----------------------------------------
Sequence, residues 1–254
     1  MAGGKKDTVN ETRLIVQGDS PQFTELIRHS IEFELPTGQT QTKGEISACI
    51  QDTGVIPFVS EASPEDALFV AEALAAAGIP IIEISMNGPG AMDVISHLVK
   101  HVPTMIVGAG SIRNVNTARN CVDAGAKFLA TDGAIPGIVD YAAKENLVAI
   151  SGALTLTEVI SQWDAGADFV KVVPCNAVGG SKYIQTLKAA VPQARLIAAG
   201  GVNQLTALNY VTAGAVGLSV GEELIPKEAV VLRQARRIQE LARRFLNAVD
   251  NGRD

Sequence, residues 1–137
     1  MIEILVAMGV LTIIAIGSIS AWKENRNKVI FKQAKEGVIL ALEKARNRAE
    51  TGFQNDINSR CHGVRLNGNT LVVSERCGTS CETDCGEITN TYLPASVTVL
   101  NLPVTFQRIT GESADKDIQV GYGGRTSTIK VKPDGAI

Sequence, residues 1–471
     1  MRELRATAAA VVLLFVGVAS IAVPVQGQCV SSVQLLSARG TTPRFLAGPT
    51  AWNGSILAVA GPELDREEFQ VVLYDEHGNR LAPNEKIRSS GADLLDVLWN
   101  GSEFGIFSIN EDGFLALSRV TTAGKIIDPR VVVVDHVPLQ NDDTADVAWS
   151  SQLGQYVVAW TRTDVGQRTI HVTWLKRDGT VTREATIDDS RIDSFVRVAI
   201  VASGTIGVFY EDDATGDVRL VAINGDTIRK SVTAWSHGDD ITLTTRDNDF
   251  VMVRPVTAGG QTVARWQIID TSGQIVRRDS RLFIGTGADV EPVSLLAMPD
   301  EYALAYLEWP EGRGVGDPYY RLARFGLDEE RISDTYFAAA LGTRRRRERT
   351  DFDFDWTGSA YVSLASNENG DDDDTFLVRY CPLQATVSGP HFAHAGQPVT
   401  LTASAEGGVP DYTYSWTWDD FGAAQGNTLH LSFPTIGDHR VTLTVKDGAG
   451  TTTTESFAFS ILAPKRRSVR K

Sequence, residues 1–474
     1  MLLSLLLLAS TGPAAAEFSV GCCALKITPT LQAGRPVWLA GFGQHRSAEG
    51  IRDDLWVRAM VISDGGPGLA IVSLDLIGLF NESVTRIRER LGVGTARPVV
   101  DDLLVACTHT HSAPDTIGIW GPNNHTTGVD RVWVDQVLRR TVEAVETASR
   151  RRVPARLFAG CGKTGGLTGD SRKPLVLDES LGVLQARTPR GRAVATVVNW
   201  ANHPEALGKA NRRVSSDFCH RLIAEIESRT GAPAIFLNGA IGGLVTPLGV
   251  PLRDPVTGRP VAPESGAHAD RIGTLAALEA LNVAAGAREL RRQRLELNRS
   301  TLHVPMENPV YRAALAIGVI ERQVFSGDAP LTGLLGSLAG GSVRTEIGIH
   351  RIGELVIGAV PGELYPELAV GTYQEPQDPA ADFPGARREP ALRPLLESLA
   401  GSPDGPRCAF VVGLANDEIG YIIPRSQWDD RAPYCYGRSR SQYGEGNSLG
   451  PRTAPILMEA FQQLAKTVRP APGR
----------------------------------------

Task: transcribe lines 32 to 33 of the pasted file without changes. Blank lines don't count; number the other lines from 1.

   401  GSPDGPRCAF VVGLANDEIG YIIPRSQWDD RAPYCYGRSR SQYGEGNSLG
   451  PRTAPILMEA FQQLAKTVRP APGR